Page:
Thursday, April 18, 2013

East Brother Light Station

Last week, I finally visited East Brother Light Station, a Victorian lighthouse on a small island just off the Richmond (East Bay) shore.  The beautiful lighthouse and keepers' home was built in 1873.  After years of neglect, a non-profit organization took over the buildings and restored them to their former glory.

East Brother is a ten-minute boat ride from Point Molate, not far from Point Richmond.  The drive to the dock is an adventure as you pass through the old naval fuel depot and by the Winehaven Winery castle.  The road to the Point San Pablo Marina hasn't seen fresh asphalt in many years so drive slowly or you'll be paying for a new suspension for your vehicle.

Richard, one of the keepers, will pick you up at the marina and take you to the island.  The ride is usually calm as this is a protected part of  San Pablo Bay.  When you arrive at the island, you will climb a ladder to the light station.  Your bags, along with the boat, will be hoisted up to the island.

Once you arrive, you will be treated to beautiful views of the Bay, Richmond-San Rafael Bridge, and San Francisco.

If you are visiting for the day, like we were, Richard will take you on a tour of the light station.  We got to fire up the old fog horn and let it blast a few times.  We were then left to enjoy the picnic lunch that we brought and to relax with friends for a few hours.

If you stay overnight in the bed and breakfast, you will be served dinner and breakfast.  Since water is very scarce on the island, visitors may only shower if they stay more than one night.  If you visit between November and early April the current fog horn sounds regularly.  Some guests can sleep through the noise while others find sleeping difficult.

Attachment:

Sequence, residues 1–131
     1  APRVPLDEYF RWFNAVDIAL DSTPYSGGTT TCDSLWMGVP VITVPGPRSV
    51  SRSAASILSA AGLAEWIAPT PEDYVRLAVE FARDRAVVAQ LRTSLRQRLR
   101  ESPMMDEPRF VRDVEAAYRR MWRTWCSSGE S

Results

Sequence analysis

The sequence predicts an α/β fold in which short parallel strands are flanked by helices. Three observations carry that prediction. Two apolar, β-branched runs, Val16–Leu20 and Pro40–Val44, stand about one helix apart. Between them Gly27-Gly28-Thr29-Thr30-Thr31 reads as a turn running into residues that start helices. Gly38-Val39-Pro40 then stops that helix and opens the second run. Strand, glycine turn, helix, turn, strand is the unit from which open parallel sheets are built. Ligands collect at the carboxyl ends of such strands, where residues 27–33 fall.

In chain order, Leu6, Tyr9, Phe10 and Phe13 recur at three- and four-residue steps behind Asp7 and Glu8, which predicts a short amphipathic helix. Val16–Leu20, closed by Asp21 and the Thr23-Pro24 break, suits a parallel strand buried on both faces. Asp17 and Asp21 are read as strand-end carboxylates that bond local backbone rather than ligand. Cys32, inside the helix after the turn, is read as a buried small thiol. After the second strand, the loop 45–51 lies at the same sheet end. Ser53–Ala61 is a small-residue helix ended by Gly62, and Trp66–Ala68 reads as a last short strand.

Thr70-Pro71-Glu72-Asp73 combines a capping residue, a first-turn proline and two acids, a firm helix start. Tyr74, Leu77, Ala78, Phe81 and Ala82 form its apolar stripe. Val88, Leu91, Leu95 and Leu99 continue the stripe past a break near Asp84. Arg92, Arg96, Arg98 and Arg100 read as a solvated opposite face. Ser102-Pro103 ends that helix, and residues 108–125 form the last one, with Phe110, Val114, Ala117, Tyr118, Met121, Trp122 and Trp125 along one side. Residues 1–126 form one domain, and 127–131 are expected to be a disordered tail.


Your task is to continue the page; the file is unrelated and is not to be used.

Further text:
If you enjoy lighthouses, I recommend visiting East Brother.  Day trips are available on most Saturdays during the dry season (April - October).  Overnight accommodation is available year round, Thursday to Sunday.  Most folks stay one night.

Saturday, April 13, 2013

Exploratorium Opens in New Home on April 17

San Francisco's interactive science museum, the Exploratorium, left its long-time home in the Palace of Fine Arts in January.  This Wednesday, April 17, the wonderful museum will open in its new home at Pier 15 on The Embarcadero.

Earlier this week, I had a chance to see the new facility.  While not all of the exhibits were operational, I saw many old favorites as well as quite a few new exhibits.  Children of all ages will enjoy exploring these many wonderful interactive science lessons.  The new building houses six galleries, each with different areas to explore.  In addition, beautiful views of the bay can be seen from the deck at the rear of the museum.  

One of San Francisco's iconic chefs, Loretta Keller, developed the food program at the museum.  The Seaglass Restaurant is a sit-down restaurant at the rear of the building that offers beautiful views of San Francisco Bay and family-friendly fare.  On the street side of the Exploratorium, the Seismic Joint Cafe offers food to go.

The Exploratorium is open Tuesday through Sunday from 10:00 until 5:00, except on Wednesday when it closes at 10:00.  On Thursday from 6:00 until 10:00 p.m., the museum is open only to adults age 18 and over.  Various ticket packages are available with discounts offered to Bay Area residents.  The new museum is sure to be a hit so buy your tickets in advance.  Take public transportation to the museum as parking is limited.  The F line, with its historic streetcars, stops in front of the museum.

If you are visiting San Francisco with children, the Exploratorium is one of the city's must-see attractions.